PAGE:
The Nature of Forgetting | Review
The MAC, Belfast • Show runs until 03 June ’18
By Chantelle Frampton
We’ve all had those moments where we walk into a room and forget why we did it. No matter how hard we try to remember or backtrack our thoughts, we just can’t figure out why we did it. Theatre Re’s The Nature of Forgetting explores the concept of memory on a larger scale as it tackles the topic of dementia. The continuous question at the forefront of the play is ‘What do we do when we no longer have our memories?’ What makes us who we are if we don’t have our past? Their exploration of the fractured mind is both emotional and thought-provoking.
The play delves into these themes with a nearly entire absence of speech. As described by director and actor Guillaume Pigé what they do can be described as “Movement theatre, a type of theatre that relies mainly on movement and actions on stage to communicate.” The play starts off with Tom getting ready for his 55th birthday. From the beginning, we can see that he is struggling with simple tasks and short-term memory. However, we are suddenly thrown into a whirlwind of Tom’s past as his memories fight to the forefront of his mind.
We catch glimpses of major events in Tom’s life including his school days where he meets his wife Isabella, his wedding day and the birth of his daughter. The musical composition, composed by Alex Judd, perfectly reflects the emotions and fragmentation of these scenes. Throughout the performance, we can accurately see the disintegrating of the memories as the music frequently becomes distorted and confused (this is particularly noticeable during Tom’s wedding day). We are constantly questioning what we see in front of us. Is Tom a reliable narrator and how much can we trust what we’re seeing? The memories are from his own perspective, so we’re witnessing a personal recollection of the past as opposed to accurate occurrences.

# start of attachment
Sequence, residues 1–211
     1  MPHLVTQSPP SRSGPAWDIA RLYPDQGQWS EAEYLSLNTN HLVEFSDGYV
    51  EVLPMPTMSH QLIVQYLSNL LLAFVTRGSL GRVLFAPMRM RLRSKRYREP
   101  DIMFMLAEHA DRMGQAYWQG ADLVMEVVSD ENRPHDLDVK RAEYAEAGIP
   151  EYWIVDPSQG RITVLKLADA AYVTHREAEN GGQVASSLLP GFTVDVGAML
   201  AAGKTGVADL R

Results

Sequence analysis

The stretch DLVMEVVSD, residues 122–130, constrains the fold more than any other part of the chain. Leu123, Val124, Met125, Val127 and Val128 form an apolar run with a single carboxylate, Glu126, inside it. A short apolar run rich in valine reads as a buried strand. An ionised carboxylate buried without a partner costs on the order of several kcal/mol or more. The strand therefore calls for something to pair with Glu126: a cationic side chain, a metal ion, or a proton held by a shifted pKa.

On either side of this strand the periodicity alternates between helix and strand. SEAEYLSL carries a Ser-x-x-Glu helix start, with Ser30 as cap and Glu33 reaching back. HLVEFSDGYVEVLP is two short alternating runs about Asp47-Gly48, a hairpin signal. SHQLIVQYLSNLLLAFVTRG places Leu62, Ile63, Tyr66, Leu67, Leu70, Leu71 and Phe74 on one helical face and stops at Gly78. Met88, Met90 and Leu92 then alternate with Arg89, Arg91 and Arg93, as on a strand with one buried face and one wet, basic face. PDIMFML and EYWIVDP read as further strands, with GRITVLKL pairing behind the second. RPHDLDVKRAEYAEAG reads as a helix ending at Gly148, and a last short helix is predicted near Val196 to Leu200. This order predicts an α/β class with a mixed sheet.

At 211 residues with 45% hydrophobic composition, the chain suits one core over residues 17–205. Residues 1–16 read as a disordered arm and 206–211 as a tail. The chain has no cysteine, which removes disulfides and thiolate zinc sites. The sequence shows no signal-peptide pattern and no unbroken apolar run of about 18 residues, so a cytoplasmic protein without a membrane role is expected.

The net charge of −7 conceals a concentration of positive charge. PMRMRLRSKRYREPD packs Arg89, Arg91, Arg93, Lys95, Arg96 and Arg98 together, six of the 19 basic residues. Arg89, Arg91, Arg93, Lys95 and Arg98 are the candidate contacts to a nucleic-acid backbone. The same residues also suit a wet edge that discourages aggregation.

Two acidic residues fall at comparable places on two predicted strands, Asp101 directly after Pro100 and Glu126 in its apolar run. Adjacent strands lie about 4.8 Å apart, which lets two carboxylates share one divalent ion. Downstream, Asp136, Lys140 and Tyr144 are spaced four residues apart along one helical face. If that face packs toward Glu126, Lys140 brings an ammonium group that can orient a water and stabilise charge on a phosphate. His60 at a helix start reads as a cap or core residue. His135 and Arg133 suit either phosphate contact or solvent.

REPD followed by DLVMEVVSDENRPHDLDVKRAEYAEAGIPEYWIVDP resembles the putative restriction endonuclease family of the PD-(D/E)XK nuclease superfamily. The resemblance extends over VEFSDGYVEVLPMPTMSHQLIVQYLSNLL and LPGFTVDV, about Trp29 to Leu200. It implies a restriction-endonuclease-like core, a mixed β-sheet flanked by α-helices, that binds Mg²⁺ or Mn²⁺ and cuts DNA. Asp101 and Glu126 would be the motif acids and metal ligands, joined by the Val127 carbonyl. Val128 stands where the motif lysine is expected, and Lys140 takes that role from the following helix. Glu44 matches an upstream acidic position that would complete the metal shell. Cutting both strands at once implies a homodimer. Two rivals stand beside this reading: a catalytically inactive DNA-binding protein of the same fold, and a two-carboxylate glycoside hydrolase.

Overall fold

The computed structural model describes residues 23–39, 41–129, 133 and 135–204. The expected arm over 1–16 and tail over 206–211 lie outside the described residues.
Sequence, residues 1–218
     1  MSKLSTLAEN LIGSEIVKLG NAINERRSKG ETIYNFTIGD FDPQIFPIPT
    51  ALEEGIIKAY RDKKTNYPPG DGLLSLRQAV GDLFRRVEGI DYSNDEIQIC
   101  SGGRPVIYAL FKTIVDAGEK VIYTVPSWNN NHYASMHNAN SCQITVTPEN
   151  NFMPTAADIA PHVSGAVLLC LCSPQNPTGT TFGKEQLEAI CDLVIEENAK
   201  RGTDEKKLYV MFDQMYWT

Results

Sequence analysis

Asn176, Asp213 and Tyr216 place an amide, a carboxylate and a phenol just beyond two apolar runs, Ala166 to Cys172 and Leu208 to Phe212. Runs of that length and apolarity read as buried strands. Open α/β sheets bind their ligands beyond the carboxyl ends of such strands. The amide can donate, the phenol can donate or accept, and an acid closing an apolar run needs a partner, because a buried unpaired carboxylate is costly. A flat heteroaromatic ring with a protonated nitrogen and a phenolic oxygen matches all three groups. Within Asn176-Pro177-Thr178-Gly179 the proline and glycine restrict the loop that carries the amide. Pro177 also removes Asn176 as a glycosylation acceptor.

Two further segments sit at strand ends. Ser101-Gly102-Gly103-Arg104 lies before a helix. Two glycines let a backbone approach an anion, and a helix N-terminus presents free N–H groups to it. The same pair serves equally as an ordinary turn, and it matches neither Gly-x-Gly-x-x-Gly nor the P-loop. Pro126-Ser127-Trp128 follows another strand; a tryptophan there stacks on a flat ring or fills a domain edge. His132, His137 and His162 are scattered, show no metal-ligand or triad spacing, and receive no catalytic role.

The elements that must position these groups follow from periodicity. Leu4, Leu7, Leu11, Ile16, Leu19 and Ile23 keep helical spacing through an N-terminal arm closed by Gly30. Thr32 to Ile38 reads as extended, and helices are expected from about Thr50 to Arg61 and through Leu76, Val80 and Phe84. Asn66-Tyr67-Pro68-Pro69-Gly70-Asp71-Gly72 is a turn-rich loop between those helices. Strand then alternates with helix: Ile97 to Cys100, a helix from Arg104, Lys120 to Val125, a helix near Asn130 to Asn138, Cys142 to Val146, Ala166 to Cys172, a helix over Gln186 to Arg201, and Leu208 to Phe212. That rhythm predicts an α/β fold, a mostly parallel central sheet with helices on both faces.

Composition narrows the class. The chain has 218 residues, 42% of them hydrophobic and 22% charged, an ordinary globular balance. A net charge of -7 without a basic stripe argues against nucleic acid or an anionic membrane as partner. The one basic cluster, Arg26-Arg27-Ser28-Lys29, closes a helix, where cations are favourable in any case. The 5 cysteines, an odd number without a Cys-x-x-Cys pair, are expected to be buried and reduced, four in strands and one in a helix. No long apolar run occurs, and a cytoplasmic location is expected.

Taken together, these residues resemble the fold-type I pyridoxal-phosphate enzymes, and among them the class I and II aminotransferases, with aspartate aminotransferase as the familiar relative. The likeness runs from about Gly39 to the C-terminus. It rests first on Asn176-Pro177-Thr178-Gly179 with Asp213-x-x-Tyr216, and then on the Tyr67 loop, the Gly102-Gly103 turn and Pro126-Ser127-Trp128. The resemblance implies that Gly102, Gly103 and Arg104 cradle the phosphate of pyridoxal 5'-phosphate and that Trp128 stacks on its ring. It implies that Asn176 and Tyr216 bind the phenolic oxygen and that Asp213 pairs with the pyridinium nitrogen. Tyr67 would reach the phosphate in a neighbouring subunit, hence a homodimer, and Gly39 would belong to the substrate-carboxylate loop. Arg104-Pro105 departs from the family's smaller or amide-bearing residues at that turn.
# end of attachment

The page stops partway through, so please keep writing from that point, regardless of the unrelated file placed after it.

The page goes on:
The four actors: Louise Wilcox, Eygló Belafonte, Matthew Austin and Guillaume Pigé commanded The Mac throughout the entire performance. Their ability to portray so much emotion through movement and mime was nothing short of amazing. The constant changing of timelines was both coherent and chaotic. There were moments that were incredibly energetic on stage and yet it would end with an abrupt silence. We would then be thrown back to a short yet recurring moment in Tom’s life that is clearly a core memory. The fluidity juxtaposed with moments of abruptness correlated perfectly with the physical representation of memory and dementia.
The Nature of Forgetting managed to pack a lot into an hour and fifteen minutes. There are moments where you will laugh, cry and then reflect on your own personal experiences. The play had a huge emotional impact and demonstrated that even in the bleakest of situations, there is always a bit of hope. Theatre Re received a standing ovation on Thursday night and it was entirely deserved. The show runs until 03 June, GET YOUR TICKETS HERE.